are these claims being accepted except insofar as they relate to Robinson?

The whole thing sounds like the usual combination of exaggeration, distortion and fabrication, all stretched to the limit (well maybe not fabrication), and all in one direction.

The documents (Do they exist? Are they genuine? Do they contain what they are said to contain? Do the concusions drawn follow from what is said to be in the documents?); the numbers (are they based on what was in the documents? How were they derived? Was there any doubt and if so, er, who got the benefit? What is this business about exchange rate differences?); the matter of ‘those organizing terror attacks against civilians’ (Does this in fact mean militias? Are these ‘terror attacks’ a main part of their activities? What is being counted as ‘terrorist attacks on civilians’? The IDF seem routinely to describe military operations against themselves as ‘terror’ attacks, btw).

Is there any evidence that anyone was ‘looking the other way’ – which implies (though can’t of course be pinned down to asserting) they deliberate ignored obvious facts? Is the entirety of this ‘personal slush fund’ assumed to have been paid to ‘terrorists’? Etc.

No doubt each issue (taken in isolation) can in the usual way be claimed to be minor or irrelevant but if so, why is it in there? A further problem – you can hardly even raise one issue without presuming that the context is basically accurate. I dont know the answers to the specific questions above, but it has the appearance of a standard exercise in wholesale mudslinging (and if metanoia works well enough within the space of a sentence, it works even better when the retraction – or a refutation – is piecemeal, much later, and can be portrayed – if acknowledged at all – rather mundane and ‘nitpicky’ – or as ‘a point, but only a bit of one’.)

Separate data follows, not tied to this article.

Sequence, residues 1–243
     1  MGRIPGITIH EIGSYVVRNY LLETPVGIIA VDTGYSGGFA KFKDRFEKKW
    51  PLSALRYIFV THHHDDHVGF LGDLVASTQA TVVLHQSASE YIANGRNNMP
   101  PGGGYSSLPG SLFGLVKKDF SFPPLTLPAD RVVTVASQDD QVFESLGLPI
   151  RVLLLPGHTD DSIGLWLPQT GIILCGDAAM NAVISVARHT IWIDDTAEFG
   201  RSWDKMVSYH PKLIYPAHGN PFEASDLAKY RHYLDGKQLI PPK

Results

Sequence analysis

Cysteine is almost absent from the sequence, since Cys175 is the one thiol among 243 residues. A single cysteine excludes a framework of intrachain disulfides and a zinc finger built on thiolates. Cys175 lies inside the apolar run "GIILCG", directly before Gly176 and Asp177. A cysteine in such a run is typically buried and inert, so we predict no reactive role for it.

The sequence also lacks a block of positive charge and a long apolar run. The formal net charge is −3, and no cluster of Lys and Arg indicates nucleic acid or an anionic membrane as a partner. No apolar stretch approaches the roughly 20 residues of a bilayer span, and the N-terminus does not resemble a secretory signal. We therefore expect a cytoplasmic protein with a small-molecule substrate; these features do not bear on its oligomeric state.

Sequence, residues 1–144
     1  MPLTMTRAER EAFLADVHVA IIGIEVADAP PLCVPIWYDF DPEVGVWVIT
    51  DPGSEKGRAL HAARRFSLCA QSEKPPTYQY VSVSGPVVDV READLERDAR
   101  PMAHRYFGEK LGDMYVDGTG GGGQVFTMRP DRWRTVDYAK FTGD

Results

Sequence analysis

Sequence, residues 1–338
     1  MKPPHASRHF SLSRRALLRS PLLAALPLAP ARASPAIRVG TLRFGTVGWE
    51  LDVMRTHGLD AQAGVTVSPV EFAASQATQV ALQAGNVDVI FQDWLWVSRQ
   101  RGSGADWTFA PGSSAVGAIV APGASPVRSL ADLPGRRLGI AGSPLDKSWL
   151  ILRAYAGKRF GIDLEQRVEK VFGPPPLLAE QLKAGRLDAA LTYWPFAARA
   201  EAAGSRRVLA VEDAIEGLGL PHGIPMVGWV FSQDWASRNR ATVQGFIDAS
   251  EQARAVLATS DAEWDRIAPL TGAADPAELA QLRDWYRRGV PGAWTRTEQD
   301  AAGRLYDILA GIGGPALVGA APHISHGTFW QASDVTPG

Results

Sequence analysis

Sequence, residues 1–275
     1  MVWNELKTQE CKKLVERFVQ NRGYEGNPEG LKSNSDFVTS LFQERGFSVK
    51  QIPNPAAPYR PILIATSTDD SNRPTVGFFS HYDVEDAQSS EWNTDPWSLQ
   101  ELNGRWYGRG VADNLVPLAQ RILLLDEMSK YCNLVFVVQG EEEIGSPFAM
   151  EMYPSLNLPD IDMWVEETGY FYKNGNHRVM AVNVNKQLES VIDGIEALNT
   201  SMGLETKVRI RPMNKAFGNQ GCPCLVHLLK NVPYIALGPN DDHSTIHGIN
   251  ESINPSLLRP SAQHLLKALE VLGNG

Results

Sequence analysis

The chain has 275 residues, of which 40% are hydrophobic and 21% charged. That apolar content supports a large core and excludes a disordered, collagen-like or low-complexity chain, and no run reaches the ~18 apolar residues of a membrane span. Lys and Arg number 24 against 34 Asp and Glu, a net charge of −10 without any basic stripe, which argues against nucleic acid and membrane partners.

Last time I checked, the onus of proof fell on those making claims, so if I’m being asked to take on faith a story that can be traced back only to some polemical hack, or perhaps one step further back an unsubstantiated IDF report (‘the documents described here say…’), then I think I’ll give it a miss.

William Sjostrom @36: …trying to put together a group of people because of their bigotry toward Israel rather than their scholarship, and that is particularly egregious in a school with a large Jewish student population careful, or people might start thinking the line about not confating anti-Israel (or rather anti-Crazed Rightwing Israeli Hawks) opinion with anti-semitic racism might not be
in
entirely good faith. (Not that I accept the misdescription of what was actually happening at Columbia…)

42

Henri Vieuxtemps 08.01.09 at 2:07 pm

I believe there was an investigation on the alleged misuse of the EU contributions by the PA and it didn’t find any misuse.

Also, I believe those documents allegedly obtained during the operation “Defensive Shield” are still commonly referred to as “alleged proof”.

43

musical mountaineer 08.01.09 at 2:08 pm